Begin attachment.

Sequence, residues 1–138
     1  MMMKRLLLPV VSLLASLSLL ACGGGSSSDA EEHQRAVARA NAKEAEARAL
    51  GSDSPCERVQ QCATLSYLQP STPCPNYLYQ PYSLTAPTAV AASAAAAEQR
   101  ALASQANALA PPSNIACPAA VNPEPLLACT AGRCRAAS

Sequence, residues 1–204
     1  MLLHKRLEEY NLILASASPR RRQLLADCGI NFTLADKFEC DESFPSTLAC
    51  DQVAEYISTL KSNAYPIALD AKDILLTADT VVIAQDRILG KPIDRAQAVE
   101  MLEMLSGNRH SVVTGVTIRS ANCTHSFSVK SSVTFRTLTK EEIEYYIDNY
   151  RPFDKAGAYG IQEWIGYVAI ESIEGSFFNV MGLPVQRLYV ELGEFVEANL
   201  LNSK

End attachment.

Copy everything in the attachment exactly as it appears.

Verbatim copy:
Sequence, residues 1–138
     1  MMMKRLLLPV VSLLASLSLL ACGGGSSSDA EEHQRAVARA NAKEAEARAL
    51  GSDSPCERVQ QCATLSYLQP STPCPNYLYQ PYSLTAPTAV AASAAAAEQR
   101  ALASQANALA PPSNIACPAA VNPEPLLACT AGRCRAAS

Sequence, residues 1–204
     1  MLLHKRLEEY NLILASASPR RRQLLADCGI NFTLADKFEC DESFPSTLAC
    51  DQVAEYISTL KSNAYPIALD AKDILLTADT VVIAQDRILG KPIDRAQAVE
   101  MLEMLSGNRH SVVTGVTIRS ANCTHSFSVK SSVTFRTLTK EEIEYYIDNY
   151  RPFDKAGAYG IQEWIGYVAI ESIEGSFFNV MGLPVQRLYV ELGEFVEANL
   201  LNSK